Friday, April 6, 2018

The delectable Fanny Murray – a courtesan who became the Toast of the Town

by Mike Rendell

It will come as no surprise that I loved doing the research for my book 'In Bed with the Georgians - Sex, Scandal & Satire' - never more so than when I was putting together biographies of some of the leading courtesans of the 18th Century. They were the stars who lit up the demi-monde, achieving a fame which is impossible to imagine today. Think reality TV stars, think Footballers Wives - think of all the Hollywood leading ladies all merged into one. That was the unassailable popularity and fame enjoyed by the whores at the top of the tree - and one of the first to make it to the top was Fanny Murray. Fanny Murray had an unpromising start in life – she was born in Bath around 1729 to the wife of an itinerant musician called Rudman. Both parents were dead by the time she was twelve and she eked a living as a flower-seller on the streets of Bath near the Abbey and outside the Assembly Rooms.

She was an attractive young girl and unfortunately she caught the eye of a philanderer called Jack Spencer. He was the grandson of Sarah, Duchess of Marlborough - and no doubt he saw the seduction of a twelve-year-old orphan as a bit of fun. He had his wicked way with her, and promptly left. His place was taken by a Captain in the army, but he too deserted her, leaving her at the mercy of all the unscrupulous rakes and pimps about town.

Enter a rather strange hero – none other than the ageing roué Beau Nash, the Master of Ceremonies at the Assembly Rooms. No matter that at sixty-six he was over fifty years her senior – he invited her to become his mistress and for a couple of years she was his devoted help-mate. He gave her polish and a taste for the good life – and I suspect that she gave him …… a big smile on his face.

She then moved up to London, securing a place in Harris’s List (a fascinating directory of whores operating in the area around Covent Garden). This described her as ”a new face… Perfectly sound in wind and limb. A fine Brown girl, rising nineteen next season. A good side-box piece, she will show well in the Flesh Market”.

She rocketed to fame and by the end of her teens was widely acknowledged as the ‘Toast of the Town’- so much so that she is widely credited as being the inspiration for Fanny Hill, the central character in John Cleland’s Memoirs of a Woman of Pleasure published in 1749.

Fanny-mania took hold – she was always in the news. Mezzotint prints of her portrait were bought by the thousands and became the first ‘pin-ups’ – literally, because they were pinned up on walls of countless homes.They represented the first time fashion prints had been produced. The courtesans were, after all, the height of fashion, and what Fanny wore one day – a special hat, a gown, a different hair style – would quickly be copied by all the fashionable ladies. Men would cut out her likeness and insert it between the outer and inner layers of their pocket watch so that they too could ‘have a piece’ of a woman who was utterly unattainable to all except the very, very rich.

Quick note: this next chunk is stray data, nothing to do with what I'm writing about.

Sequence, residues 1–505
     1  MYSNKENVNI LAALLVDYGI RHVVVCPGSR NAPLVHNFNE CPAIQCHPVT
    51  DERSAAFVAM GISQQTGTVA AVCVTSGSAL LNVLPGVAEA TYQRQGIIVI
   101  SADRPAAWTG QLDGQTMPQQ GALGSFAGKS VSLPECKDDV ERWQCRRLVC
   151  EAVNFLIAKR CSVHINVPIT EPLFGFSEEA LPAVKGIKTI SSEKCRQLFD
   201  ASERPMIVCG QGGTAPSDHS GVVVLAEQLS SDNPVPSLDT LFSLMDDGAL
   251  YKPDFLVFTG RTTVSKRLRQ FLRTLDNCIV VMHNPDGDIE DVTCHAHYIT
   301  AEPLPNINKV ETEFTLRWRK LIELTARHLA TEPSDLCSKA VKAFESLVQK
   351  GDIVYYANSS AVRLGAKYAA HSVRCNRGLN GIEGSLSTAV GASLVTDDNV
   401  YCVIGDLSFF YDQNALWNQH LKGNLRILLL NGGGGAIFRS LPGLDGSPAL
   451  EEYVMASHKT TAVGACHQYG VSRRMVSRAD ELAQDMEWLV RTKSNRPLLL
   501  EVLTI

Fanny became the mistress of John Montagu, the Fourth Earl of Sandwich and he introduced her to other members of the Hellfire Club, which met at Medmenham Abbey. Here Fanny would take part in orgies in her capacity as a ‘nun’, which was the term given to females attending the club.

Aged 27 she had run up immense debts and was in dire straits. Her youthful good looks were fading, her creditors were pushing for payment, and her gallants deserted her in her hour of need. She was carted off to the sponging house (a temporary holding place for debtors) and her inevitable downward spiral into poverty and degradation must have been staring her in the face.

But fortune favours the brave, and she decided to pen a letter to the son of the man who had first debauched her. The young Mr Spencer was exceedingly honourable and generous, settling an annuity of £200 on Fanny. He also did her the great favour of introducing her to a friend of his, an actor called David Ross. The two fell in love, and to the amazement of everyone, got married. Fanny really had turned over a new leaf. She led a blameless married life for twenty years before dying at the age of 49.

Mike Rendell has authored several books, including In Bed with the Georgians, on Amazon, and Trailblazing Women of the Georgian Era: The Eighteenth-Century Struggle for Female Success in a Man's World, also on Amazon. Both books are also available from Pen & Sword Books.


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